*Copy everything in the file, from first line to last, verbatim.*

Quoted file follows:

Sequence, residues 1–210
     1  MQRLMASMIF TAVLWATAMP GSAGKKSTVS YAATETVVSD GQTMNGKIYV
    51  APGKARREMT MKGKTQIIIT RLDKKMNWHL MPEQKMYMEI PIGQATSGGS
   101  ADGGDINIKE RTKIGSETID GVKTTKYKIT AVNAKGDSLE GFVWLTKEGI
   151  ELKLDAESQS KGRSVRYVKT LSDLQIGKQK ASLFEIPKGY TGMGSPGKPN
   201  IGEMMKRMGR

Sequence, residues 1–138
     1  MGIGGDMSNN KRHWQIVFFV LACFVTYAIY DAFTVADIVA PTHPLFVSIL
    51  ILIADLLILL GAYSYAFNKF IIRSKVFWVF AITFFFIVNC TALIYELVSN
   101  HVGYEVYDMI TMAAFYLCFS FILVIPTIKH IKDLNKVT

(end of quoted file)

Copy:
Sequence, residues 1–210
     1  MQRLMASMIF TAVLWATAMP GSAGKKSTVS YAATETVVSD GQTMNGKIYV
    51  APGKARREMT MKGKTQIIIT RLDKKMNWHL MPEQKMYMEI PIGQATSGGS
   101  ADGGDINIKE RTKIGSETID GVKTTKYKIT AVNAKGDSLE GFVWLTKEGI
   151  ELKLDAESQS KGRSVRYVKT LSDLQIGKQK ASLFEIPKGY TGMGSPGKPN
   201  IGEMMKRMGR

Sequence, residues 1–138
     1  MGIGGDMSNN KRHWQIVFFV LACFVTYAIY DAFTVADIVA PTHPLFVSIL
    51  ILIADLLILL GAYSYAFNKF IIRSKVFWVF AITFFFIVNC TALIYELVSN
   101  HVGYEVYDMI TMAAFYLCFS FILVIPTIKH IKDLNKVT